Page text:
My father spent about a year in the UK as a miner via the EVW program. He lived in a hostel in Trent on Stoke. I believe he planned to settle in the UK, and bring my mother and 2 brothers from the Displaced Persons camp in Germany. For some reason, my dad decided to go back to Germany, with plans to emigrate to Australia. However, my parents emigrated to America.
My wife and i came across this touching monument by chance while walking past, perhaps 25 years ago, on our summer holidays. Over the years we have remembered the Ukrainian cross at Mylor but never got round to finding out more about it. We were of course aware that many Eastern Europeans found sanctuary and settled in our country during and after WW2, but we knew nothing of the story behind the monument. The tragic news of war in Ukraine this week finally drove me to find out more and many thanks to Elizabeth Dale for researching and posting this story. Our hearts go out to all Ukrainian people suffering in Putin’s invasion. The monument’s story is a reminder to us all of how lucky we are to live in a free country. We must surely do all we can to help the Ukrainian people again. Richard Greenfield
Thank you for lovely photo which I am about to put on my facebook page as my own photos not as good. I live just round the corner from this. Will pay you tribute. Caroline
Generally really good but quite a few inaccuracies. The site was an antiaircraft base during the war with 200-300 British troops stationed there. The commander lived in Mylor for many years until his death.
Post war when the displaced people came from Eastern Europe, bases like this were used to house them all over Britain. From camps like Restronguet to former air bases. Many of those in them had fought the communists with the German army and faced certain death under the Communists.
I met the wife of the man who commanded the refugee base post war. He was an RAF officer and she was the only woman on the base. She had two big Alsatian dogs that she kept with her all the time for protection. She said that there were nationalities from all over Eastern Europe.
A Ukrainian that I met in 1991 at independence, called Basil told me that many stayed in Cornwall, some went back to Europe in the hope of returning home and many accepted the offer to go to the likes of Canada and Australia.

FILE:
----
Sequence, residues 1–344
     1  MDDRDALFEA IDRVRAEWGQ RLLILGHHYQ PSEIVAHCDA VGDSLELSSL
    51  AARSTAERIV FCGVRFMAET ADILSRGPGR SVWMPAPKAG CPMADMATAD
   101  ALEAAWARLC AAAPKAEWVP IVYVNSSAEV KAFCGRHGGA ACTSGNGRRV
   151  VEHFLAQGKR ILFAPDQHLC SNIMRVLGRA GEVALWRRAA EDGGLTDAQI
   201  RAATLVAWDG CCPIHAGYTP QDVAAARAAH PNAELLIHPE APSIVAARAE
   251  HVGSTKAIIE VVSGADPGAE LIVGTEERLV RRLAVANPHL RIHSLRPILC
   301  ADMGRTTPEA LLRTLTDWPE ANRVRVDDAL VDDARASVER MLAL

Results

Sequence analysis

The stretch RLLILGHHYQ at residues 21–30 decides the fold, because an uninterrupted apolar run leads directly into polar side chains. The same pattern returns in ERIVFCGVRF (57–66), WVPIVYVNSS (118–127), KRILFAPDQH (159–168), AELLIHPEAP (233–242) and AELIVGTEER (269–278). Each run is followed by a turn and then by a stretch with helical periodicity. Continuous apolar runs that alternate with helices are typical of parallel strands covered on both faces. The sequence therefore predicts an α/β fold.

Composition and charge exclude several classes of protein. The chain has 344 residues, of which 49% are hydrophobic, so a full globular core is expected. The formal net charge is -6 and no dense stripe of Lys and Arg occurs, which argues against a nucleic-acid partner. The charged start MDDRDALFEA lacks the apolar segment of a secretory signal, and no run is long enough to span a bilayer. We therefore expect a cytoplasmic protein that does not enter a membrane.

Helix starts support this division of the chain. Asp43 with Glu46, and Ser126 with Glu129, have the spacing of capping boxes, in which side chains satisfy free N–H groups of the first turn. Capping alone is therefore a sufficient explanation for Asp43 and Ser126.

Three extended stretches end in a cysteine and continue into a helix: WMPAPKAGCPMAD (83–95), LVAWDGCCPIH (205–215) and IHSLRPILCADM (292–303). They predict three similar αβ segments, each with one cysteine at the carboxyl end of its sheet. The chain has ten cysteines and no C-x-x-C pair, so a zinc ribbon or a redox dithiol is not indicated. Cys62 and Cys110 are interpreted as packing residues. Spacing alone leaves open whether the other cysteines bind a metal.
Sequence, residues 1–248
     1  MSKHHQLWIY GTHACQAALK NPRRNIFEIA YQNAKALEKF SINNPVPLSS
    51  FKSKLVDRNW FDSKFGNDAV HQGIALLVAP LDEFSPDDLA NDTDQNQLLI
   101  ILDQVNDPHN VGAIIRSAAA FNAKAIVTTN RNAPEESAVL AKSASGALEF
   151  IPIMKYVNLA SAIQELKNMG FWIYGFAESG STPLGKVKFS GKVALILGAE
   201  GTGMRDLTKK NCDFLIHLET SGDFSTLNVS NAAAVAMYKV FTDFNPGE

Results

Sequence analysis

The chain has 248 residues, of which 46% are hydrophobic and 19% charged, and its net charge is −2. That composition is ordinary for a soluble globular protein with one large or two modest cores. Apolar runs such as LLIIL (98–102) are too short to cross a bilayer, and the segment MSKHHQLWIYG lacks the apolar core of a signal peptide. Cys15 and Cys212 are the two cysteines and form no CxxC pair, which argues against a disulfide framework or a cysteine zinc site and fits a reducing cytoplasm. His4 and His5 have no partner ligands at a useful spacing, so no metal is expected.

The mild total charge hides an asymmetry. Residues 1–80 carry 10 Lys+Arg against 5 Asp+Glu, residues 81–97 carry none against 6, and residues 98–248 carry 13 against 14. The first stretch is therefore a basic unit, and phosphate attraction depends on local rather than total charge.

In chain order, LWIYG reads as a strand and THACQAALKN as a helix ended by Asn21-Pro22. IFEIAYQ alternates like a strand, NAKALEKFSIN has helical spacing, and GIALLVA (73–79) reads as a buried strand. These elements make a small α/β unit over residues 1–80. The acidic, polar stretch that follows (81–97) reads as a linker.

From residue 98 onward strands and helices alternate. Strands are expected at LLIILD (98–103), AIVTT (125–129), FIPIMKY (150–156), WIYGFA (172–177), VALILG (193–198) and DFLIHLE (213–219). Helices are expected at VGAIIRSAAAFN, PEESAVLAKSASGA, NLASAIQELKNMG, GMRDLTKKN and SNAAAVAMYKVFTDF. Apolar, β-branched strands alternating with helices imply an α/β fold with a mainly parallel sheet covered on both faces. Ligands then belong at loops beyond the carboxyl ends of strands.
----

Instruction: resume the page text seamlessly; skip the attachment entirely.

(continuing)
I am Matt Dale, I farm the land here at Restronguet.
Hi lovely, lovely to hear from you! You and I are actually 2nd cousins I think! Your grandfather and mine, Wildred, were brothers. Anyway thank you for the correction about it being a anti-aircraft base, rather than a pow camp I am guessing? I was wondering what else I have got wrong as you wrote “quite a few inaccuracies” and I would love to get the story straight!
I was at school with 2 children whose Ukrainian grandparents settled in Mylor and I know the family well. I was always shown this cross as being their families thank you to the people of Mylor for harbouring them.
I come from Mylor and remember the “displaced persons camp”. I also remember concerts given by members of the camp in the Village Hall. My father was a prisoner of war and my mother and I lived with my aunt in Falmouth until my father returned after the war. I now live in Hampshire.
I have been in contact with Matthew Dale to see if somebody could give a talk at the Treverva Male Voice Choir charity concert for Ukrainian Refugees. We are interested in giving the concert a Ukrainian theme and thought the connections to the War Memorial appropriate, as our choir is based in Mylor Bridge.
Matthew suggested you might be willing to do this talk and he would be pleased to help in imparting any of the oral history he has acquired over the years. The broader history of Ukrainian refugees from the 1930’s if illustrated could be of great interest.
We are thinking about the evening of the14th May at the moment.
Hello, I’m a granddaughter to one of the refugees who lived in the camp. His name was Dimitri (James was his Cornish name 😉 Szewczuk. He came to the UK with his wife and child, my dad. Trained as vet in the Ukraine, he found work on the local farms. He worked on the other Dale farm near Carclew, which is where he settled. I grew up in Mylor, along with my sister, but we’ve all moved away now apart from my two uncles who still live locally. He wrote the inscription. He made sure my sister and I knew the story and explained that his English was good, he penned the words to go on the cross. In our family we call it grandads cross. He’d be delighted at how the cross has become a focal point today.